Foundations and endowments have a lot of complaints about hedge funds, but most are not giving up on them, according to a new survey by NEPC, an investment consulting firm.
Indeed, given their concerns about the U.S. economy and global growth prospects, many investors may be looking toward hedge funds to protect their portfolios.
But a sizable number seem to be turning away or cutting back.
NEPC conducted its online Q2 2016 Endowment and Foundation Poll in July with 59 participants.
Twenty-four percent of respondents reported that they had zero exposure to hedge funds, compared with just 2% that said they had no exposure in NEPC’s Q2 2014 poll.
Another significant drop came in allocations. In the 2014 survey, 39% of foundations and endowments said they had 11% to 20% of their portfolios allocated to hedge funds, while in the new poll, only 23% had the same allocation.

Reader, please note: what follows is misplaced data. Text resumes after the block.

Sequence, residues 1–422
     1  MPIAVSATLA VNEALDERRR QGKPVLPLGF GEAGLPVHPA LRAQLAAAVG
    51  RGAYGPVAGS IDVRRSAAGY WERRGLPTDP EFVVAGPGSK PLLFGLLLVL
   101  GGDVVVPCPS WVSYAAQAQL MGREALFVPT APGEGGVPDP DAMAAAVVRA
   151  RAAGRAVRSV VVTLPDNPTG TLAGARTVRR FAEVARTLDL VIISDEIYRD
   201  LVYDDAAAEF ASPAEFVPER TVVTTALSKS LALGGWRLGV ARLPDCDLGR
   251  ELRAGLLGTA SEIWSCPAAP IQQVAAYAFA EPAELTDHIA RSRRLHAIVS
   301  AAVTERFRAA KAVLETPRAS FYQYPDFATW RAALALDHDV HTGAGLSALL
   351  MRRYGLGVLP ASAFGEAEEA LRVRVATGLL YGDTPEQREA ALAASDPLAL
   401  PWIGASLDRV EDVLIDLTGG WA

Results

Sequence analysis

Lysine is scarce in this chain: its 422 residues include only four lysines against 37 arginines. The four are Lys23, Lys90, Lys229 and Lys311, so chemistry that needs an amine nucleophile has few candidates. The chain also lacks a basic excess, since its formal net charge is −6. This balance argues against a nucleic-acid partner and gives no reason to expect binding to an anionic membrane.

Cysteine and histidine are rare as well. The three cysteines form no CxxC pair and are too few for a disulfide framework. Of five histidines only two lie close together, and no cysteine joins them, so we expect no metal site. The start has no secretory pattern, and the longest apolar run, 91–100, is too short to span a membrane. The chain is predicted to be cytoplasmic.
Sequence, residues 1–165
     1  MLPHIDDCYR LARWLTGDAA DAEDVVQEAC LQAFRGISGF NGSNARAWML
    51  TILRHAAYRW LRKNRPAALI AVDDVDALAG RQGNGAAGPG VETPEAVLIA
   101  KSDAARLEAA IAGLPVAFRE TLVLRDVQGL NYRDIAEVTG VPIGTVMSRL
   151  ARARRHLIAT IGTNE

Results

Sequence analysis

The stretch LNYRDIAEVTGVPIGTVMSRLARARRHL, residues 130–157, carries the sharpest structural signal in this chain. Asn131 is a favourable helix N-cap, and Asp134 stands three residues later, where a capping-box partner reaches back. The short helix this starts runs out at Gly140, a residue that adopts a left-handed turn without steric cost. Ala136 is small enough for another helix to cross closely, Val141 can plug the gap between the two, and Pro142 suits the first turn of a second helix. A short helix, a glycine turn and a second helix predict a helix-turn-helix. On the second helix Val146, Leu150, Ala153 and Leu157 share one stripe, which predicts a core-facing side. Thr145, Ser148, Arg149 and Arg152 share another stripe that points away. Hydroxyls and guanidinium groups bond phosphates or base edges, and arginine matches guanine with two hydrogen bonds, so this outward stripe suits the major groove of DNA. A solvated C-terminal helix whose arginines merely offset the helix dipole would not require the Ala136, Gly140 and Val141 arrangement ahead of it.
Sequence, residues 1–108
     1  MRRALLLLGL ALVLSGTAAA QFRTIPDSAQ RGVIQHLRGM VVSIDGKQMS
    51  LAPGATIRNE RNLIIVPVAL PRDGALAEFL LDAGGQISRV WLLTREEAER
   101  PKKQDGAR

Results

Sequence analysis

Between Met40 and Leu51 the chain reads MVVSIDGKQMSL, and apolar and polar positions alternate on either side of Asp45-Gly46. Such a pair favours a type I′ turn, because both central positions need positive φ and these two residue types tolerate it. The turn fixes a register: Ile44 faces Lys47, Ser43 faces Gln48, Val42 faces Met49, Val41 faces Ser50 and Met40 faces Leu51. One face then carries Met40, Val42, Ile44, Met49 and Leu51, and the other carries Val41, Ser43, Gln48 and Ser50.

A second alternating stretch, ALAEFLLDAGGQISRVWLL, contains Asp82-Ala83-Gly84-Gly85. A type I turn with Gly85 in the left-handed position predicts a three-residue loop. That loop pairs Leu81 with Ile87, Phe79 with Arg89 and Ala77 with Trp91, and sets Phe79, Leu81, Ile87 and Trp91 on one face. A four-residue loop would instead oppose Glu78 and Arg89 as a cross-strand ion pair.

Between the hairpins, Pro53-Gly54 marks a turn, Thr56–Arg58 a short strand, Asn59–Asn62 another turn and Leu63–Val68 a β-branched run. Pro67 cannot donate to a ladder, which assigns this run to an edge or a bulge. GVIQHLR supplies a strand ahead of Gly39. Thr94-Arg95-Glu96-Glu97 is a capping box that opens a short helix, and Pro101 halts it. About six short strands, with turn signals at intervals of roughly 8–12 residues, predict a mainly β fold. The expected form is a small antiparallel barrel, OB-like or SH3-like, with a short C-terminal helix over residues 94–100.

Fifty-four percent of respondents said high fees were the biggest challenge they faced with their hedge fund investments at present.
A quarter of survey respondents said they had asked for reduced fees or had been offered reduced fees by their hedge fund managers within the past six months.
Concern about fees was second only to low or disappointing returns as their main challenge, cited by 80% of respondents. Thirty-seven percent said transparency was a top concern.
Not all the survey’s findings were negative for the hedge fund sector.
Even though 28% of endowments and foundations said they had either reduced or were considering reducing their allocation to hedge funds, 55% were not actively discussing such a move with their investment committee.
And 17% said they had either increased or were considering increasing their allocation.